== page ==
That’s based on the notion that it makes no sense to tie your money up for 10 years in bonds if the dividend yield alone from stocks is better.
That relationship is not often the case. During the 1980s, for instance, bonds yielded a gaudy 10 percent or better and S&P 500 yields were stuck around 4 percent.
But it has happened on 20 occasions since 1953, and those times have been very good for the stock market, with an average gain of 20 percent.
“Everyone loves a sale, and investors rarely overlook stock market bargains,” Sam Stovall, chief investment strategist at S&P, said in a research note. “So at the end of each quarter when stocks yielded more than bonds, investors have typically gone on a buying spree and have rarely been disappointed.”
In the 20 cases where stocks yielded more than bonds, stocks rose 80 percent of the time. The most recent example was at the March 2009 post-financial crisis market low, when the S&P posted a robust 60 percent gain in the following 12 months.
There are a couple dangers, though, in betting on the yield difference this time around.
The most apparent is that the Fed has been manipulating yields through its quantitative easing efforts. The central bank meets this week and is expected to launch another intervention, this time by selling short-dated securities and buying longer-dated debt in what is known as Operation Twist.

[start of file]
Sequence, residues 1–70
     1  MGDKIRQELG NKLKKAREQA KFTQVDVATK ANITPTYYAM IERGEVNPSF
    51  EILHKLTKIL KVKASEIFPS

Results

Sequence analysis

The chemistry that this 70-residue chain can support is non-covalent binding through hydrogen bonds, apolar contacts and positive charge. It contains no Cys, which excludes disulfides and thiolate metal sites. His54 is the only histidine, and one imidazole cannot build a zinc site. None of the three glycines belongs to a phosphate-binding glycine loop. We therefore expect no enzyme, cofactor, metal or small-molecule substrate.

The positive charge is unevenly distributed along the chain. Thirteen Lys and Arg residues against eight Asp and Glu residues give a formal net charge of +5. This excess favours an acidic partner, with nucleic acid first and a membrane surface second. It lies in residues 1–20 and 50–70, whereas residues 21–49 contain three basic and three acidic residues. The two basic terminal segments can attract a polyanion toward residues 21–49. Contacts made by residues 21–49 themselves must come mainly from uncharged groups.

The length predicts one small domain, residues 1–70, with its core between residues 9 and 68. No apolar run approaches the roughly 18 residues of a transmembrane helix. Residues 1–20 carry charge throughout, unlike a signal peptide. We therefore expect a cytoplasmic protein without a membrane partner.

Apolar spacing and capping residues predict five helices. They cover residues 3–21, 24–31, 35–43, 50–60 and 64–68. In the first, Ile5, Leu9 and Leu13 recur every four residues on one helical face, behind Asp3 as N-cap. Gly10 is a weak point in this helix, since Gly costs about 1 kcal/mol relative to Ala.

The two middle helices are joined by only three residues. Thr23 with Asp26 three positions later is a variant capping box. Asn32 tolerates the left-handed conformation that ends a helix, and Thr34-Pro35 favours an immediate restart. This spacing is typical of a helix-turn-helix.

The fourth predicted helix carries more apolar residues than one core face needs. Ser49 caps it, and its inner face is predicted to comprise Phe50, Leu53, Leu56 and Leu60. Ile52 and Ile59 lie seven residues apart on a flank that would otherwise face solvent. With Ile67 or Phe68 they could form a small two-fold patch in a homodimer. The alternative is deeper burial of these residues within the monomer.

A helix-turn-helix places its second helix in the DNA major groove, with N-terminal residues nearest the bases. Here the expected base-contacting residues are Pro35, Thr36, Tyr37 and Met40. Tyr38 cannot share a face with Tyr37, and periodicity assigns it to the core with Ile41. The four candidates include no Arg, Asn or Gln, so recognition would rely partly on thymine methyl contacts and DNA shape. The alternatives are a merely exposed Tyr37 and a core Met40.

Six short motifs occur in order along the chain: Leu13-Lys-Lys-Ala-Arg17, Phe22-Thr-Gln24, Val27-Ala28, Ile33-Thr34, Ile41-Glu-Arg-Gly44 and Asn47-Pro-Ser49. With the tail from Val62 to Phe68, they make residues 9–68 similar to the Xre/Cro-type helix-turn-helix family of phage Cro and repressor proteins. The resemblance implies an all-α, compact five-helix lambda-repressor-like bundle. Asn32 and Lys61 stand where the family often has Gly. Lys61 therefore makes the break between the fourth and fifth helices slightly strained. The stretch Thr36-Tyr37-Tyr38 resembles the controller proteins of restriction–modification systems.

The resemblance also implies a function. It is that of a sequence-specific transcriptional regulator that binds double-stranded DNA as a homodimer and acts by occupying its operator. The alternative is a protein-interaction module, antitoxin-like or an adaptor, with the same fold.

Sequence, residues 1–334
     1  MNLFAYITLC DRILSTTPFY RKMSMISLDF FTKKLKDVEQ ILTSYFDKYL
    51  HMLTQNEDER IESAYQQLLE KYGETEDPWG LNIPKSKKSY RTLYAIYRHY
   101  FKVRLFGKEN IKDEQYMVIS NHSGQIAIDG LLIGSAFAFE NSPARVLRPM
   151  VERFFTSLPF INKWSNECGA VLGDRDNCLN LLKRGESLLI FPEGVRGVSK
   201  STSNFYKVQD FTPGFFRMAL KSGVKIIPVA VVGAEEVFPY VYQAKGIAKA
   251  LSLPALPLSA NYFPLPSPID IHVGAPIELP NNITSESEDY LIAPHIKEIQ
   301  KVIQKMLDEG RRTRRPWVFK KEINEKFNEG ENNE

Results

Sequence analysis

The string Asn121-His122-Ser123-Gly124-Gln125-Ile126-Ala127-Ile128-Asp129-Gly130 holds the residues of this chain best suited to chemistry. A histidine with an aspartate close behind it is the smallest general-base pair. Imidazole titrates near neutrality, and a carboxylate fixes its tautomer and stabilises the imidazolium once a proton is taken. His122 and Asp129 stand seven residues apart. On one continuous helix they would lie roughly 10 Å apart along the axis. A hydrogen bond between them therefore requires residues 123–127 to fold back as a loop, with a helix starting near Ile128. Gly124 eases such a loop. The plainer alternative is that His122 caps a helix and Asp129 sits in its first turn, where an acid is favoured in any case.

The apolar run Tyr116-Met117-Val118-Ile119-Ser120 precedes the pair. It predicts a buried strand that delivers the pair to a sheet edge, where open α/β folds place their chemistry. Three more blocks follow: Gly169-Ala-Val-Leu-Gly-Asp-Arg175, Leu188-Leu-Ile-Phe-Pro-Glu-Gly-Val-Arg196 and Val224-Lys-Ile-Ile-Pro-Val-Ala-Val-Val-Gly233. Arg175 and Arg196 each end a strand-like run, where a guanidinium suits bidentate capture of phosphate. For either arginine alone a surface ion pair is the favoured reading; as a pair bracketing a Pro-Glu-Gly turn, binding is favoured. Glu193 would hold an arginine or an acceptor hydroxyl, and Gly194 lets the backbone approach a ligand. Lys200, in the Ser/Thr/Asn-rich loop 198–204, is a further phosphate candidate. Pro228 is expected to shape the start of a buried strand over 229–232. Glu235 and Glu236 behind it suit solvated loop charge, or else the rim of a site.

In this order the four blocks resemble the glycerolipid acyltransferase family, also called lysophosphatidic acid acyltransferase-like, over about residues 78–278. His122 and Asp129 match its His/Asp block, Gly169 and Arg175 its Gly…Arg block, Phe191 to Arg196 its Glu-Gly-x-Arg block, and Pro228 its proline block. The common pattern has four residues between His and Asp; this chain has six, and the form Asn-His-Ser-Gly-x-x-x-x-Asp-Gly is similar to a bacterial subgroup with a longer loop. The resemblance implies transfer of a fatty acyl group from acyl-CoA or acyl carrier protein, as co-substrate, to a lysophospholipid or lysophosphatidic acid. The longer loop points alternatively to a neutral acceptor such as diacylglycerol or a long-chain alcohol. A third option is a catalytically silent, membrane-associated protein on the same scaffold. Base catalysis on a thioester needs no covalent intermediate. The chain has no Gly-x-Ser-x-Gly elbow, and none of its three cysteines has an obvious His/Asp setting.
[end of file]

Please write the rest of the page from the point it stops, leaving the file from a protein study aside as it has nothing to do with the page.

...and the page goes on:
Should it follow through on that plan, the interest rate environment could become volatile, as could other, riskier assets. This is also a difficult time for the world economy, with sovereign debt problems posing severe threats for Europe that could cascade to the US quickly.
There’s also the likelihood that the stock market remains precarious as analysts aggressively downgrade estimates for the upcoming earnings season.
“We see no catalyst for a market rally in the near term, making the risk more prominent on the downside,” Sonam W. Pokwal, credit strategist at Citigroup, wrote in a note to clients. “With correlation so high, the sensitivity of virtually all trades to Europe and US macro developments is extremely high, and with volatility ensuring pain on an incorrect bet, this game is most definitely high stakes. Staying on the sidelines is where we feel most comfortable.”
As such, Stovall writes that S&P similarly “recommends that investors maintain a neutral exposure to equities overall,” with a preference toward large-cap quality stocks with above average dividends—a safety play despite the strong dividend buy signal.
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